Head-Fi.org › Forums › Equipment Forums › Gear-Fi: Non-Audio Gear and Gadgets › Old Macbook Pro vs. New Macbook Pro
New Posts  All Forums:Forum Nav:

Old Macbook Pro vs. New Macbook Pro

post #1 of 5
Thread Starter 

So I recently declared a Film major at school and since I will be commuting in the fall, I've determined I'll need a MacBook Pro to replace my Toshiba so I can have home access to Final Cut Pro.  The school definitely has labs their but traveling 30 minutes just to do my homework and then having certain times to do it in does not sound ideal.

 

Regardless of the conditions, I'm in the market for a 15" model.  My friend currently has the previous iteration of the MacBook pro, the all silver model and says it works really well, handles HD excellently with 4GB RAM, does everything he needs it to, etc.

 

I know very little about MBP's so I'm hoping someone can help shed some light on the story.  Is the unibody model worth the upgrade over the generation before it.  The difference is around $400 so it's pretty significant.  If there's someone out there with an opinion on if it's worth the money or if it's smarter just to spend the saved money on, say, AppleCare, I'd like to hear either argument.

 

Thanks!

post #2 of 5

 

I have the old model of Macbook Pro and have no desires currently of upgrading, great machine. It has some advantages over the new models, like replaceable battery and Expresscard port (which is only in the 17'' model of the current lineup) and two firewire ports. 

 

But with that said the last model of 15'' MBP of that line was discontinued in October 2008, so it is a bit old, which shortens its life expectancy. Are you shopping for a new one or a used one? If you are looking at buying the new Core ix models they are significantly faster, and if I was editing HD video I would go for one with the higher resolution display.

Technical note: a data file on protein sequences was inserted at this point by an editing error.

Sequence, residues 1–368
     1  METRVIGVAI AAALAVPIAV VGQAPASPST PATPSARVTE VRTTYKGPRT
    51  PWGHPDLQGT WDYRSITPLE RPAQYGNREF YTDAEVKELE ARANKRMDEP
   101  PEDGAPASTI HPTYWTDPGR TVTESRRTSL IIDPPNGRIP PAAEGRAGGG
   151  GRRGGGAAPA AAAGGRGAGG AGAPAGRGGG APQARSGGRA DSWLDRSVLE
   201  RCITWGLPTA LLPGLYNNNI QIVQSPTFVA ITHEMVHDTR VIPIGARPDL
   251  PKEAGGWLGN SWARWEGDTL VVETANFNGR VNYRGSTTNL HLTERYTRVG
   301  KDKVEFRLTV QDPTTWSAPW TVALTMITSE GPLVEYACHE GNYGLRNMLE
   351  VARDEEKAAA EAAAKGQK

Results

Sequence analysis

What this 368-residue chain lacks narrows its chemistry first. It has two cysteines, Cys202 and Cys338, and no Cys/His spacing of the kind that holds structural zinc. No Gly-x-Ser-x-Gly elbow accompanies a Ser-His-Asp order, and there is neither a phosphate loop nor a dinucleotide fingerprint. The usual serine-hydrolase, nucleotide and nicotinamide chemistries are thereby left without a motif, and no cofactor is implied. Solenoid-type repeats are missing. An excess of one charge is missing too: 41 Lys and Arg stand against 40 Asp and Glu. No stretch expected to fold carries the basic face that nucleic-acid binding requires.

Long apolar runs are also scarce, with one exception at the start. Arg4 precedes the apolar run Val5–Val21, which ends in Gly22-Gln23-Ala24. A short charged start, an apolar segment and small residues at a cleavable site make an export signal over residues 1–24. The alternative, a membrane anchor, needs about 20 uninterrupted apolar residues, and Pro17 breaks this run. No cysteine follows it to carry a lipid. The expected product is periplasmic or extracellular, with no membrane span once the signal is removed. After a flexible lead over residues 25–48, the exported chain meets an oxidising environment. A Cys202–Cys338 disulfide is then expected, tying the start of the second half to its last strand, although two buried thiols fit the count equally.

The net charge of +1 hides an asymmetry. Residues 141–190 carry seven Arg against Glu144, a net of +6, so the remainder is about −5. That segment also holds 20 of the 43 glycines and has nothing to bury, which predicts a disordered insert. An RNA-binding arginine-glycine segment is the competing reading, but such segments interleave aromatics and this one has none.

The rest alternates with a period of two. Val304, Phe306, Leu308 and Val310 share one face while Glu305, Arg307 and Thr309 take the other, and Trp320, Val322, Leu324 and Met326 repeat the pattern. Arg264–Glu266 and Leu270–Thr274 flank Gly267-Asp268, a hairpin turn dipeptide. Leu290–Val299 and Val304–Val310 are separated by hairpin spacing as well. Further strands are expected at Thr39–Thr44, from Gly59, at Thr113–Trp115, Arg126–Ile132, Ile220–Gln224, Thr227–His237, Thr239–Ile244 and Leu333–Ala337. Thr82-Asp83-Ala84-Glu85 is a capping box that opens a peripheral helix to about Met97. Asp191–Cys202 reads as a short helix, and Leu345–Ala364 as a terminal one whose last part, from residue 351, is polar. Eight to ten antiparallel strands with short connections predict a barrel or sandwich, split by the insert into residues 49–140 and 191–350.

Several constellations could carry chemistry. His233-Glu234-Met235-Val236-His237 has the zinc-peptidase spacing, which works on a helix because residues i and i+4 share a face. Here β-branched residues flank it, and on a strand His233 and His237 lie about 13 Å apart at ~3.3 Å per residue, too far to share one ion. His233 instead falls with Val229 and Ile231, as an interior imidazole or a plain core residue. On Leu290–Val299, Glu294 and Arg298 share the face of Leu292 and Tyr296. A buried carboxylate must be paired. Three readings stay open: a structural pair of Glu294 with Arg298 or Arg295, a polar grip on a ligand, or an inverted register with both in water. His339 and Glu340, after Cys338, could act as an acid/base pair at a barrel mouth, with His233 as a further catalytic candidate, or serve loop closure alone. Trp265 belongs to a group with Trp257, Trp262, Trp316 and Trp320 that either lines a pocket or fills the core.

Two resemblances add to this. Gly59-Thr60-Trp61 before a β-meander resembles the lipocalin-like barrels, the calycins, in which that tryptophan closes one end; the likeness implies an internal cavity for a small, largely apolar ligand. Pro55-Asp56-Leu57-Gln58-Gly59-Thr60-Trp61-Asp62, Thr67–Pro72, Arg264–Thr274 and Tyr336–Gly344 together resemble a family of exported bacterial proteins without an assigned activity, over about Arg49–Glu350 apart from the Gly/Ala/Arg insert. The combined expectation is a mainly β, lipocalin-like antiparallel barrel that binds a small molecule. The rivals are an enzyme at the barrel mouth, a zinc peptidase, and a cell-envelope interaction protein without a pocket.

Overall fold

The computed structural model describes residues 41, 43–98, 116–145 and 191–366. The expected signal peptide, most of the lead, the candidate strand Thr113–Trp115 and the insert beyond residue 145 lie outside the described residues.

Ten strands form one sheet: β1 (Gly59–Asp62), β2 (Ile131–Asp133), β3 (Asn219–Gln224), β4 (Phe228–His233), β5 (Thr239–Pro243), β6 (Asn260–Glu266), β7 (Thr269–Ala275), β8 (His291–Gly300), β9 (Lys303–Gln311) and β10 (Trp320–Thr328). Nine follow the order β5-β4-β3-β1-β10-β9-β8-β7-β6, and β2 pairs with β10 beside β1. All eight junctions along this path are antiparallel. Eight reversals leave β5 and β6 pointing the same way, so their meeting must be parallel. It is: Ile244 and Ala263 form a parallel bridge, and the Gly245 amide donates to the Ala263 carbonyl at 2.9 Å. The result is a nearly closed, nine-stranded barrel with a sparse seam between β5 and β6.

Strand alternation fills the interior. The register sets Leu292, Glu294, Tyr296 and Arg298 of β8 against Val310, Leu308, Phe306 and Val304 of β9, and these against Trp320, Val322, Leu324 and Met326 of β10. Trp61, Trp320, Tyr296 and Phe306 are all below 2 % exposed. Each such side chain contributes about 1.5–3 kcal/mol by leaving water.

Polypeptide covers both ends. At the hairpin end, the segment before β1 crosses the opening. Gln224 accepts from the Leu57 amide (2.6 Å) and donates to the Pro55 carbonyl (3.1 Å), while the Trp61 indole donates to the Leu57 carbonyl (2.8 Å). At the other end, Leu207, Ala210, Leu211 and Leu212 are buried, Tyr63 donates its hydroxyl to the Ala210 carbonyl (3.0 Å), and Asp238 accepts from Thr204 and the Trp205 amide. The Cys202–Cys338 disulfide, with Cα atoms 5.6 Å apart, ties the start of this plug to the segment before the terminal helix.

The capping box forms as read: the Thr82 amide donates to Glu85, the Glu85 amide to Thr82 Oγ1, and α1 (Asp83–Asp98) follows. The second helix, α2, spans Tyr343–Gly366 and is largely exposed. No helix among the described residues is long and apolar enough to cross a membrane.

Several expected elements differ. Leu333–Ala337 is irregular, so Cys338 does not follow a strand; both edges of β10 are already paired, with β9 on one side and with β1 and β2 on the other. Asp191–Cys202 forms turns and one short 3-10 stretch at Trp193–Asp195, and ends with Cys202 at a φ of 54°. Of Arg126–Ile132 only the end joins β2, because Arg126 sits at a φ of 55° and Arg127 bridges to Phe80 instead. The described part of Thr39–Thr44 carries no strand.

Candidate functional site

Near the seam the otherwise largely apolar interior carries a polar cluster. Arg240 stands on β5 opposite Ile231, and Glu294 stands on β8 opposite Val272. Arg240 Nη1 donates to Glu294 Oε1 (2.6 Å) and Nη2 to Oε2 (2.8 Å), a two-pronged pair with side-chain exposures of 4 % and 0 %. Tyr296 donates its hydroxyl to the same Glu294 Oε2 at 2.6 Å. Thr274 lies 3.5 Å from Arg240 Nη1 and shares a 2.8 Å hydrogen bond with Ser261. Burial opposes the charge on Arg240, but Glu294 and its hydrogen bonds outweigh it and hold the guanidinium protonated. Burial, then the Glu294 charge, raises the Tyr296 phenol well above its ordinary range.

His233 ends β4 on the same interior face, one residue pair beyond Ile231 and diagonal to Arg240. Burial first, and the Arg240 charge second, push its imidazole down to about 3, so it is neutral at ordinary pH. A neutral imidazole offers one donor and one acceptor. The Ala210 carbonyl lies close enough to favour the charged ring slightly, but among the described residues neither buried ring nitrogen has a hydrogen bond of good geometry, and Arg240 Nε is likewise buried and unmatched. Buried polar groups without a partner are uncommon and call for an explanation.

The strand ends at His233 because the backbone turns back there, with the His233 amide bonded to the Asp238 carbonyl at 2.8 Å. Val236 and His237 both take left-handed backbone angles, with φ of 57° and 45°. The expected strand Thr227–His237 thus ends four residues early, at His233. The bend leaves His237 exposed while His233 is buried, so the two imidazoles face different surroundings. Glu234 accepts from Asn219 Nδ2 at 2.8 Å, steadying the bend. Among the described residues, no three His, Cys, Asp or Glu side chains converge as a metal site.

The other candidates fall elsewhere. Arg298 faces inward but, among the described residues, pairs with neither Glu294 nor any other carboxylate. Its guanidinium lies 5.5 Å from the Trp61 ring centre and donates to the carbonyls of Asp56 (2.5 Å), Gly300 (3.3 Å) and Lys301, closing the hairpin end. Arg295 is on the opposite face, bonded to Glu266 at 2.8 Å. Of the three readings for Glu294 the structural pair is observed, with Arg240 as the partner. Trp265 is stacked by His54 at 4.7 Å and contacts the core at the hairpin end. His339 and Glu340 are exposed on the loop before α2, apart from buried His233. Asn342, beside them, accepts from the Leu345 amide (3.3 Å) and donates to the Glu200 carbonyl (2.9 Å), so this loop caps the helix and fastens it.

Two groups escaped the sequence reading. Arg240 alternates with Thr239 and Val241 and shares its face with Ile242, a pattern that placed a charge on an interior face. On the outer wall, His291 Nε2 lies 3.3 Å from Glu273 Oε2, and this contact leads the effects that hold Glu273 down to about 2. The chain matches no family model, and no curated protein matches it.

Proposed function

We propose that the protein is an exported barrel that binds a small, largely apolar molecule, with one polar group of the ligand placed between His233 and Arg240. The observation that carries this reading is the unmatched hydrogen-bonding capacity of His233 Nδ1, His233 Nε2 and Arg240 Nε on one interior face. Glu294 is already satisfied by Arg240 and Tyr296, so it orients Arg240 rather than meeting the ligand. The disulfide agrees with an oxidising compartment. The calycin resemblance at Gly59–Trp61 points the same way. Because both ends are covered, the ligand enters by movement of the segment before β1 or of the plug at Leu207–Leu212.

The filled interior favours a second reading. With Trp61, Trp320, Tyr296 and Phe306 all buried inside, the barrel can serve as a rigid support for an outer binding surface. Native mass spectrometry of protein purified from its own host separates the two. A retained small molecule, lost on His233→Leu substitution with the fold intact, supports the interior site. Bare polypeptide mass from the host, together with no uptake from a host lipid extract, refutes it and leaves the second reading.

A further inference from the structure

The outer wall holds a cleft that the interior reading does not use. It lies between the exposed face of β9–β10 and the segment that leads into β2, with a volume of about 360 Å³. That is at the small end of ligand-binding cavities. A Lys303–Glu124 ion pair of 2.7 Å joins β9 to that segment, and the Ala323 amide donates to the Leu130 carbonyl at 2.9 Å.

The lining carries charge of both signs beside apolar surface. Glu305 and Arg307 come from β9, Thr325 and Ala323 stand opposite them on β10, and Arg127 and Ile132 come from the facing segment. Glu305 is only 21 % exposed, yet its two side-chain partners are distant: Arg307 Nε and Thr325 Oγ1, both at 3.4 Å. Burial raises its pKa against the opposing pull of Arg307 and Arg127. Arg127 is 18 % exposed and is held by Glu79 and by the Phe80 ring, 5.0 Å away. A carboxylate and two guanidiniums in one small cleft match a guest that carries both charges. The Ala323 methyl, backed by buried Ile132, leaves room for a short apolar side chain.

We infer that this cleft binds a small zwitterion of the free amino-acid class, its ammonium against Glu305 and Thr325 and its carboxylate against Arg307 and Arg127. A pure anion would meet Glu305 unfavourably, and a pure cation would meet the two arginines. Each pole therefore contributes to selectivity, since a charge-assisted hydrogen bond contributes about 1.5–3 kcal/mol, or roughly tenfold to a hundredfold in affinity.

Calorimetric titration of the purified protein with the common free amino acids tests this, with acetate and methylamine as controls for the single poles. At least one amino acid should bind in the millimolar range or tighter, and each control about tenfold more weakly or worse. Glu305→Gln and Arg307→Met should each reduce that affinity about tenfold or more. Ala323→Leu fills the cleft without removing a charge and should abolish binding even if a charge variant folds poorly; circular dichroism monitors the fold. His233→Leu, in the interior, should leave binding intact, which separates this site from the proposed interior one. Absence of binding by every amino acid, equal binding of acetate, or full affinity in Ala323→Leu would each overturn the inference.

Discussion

Also be careful  of the Macbook Pros with the Geforce 8600M GPU (which includes most of the models produced in 2007 and 2008), it had an awful high rate of failure, which made Apple extend the warranty, but even so I would be careful about it.

 

Feel free to ask any more questions, hopefully I've been helpful.

post #3 of 5

I would go for the current model, unless you really need user replaceable battery and/or Expresscard.

I have the old one (July 2007) and it sort of get the job done. Have gone through a dead mother board and 3 dead batteries though, although all covered by warranty. Expect the current series to be more stable.

post #4 of 5

Film Major here with old MBP (2.2 Core 2 Duo with 8600M) using FCP. It works great with ProRes HD. I have to keep Real Time at the lowest settings however and renders take forever. I am upgrading to the new 15inch, but not because the old one is slow. Only because my warranty is over in a few months and three years is long enough.

 

If warranties aren't your thing, get the old MBP. It's a very very good machine and honestly, I prefer the aesthetics of the old models more. Only thing I would recommend is get a 7200 hard drive, a FW800 external and bump the RAM to 6gigs.

post #5 of 5

I have a 2010 Core i7 CTO MacBoook Pro fully maxed out with RAM and a 512GB SSD and a hi-res 15.4" display.  Best computer I've ever owned, period.  Even with an Employee Purchase Plan discount, however, it is one piece of expensive hardware.  A huge step up from my early 2008 MacBook Air in terms of raw performance.  It fully loads OSX from a shutdown state to fully operational in about 18 seconds.  Windows 7 Ultimate from a BootCamp partition takes about 45 seconds, but thankfully, I don't have to do that very often. Battery life under realistic usage patterns can easily last 6.5-7 hours on a single charge.

 

If you have sufficient funds, this is the best MacBook Pro ever, unless you insist on 3 USB ports and an ExpressCard slot instead of the SD-card slot.  In that case you want to look at the 17" but be prepared to do some heavy lifting..

New Posts  All Forums:Forum Nav:
  Return Home
Head-Fi.org › Forums › Equipment Forums › Gear-Fi: Non-Audio Gear and Gadgets › Old Macbook Pro vs. New Macbook Pro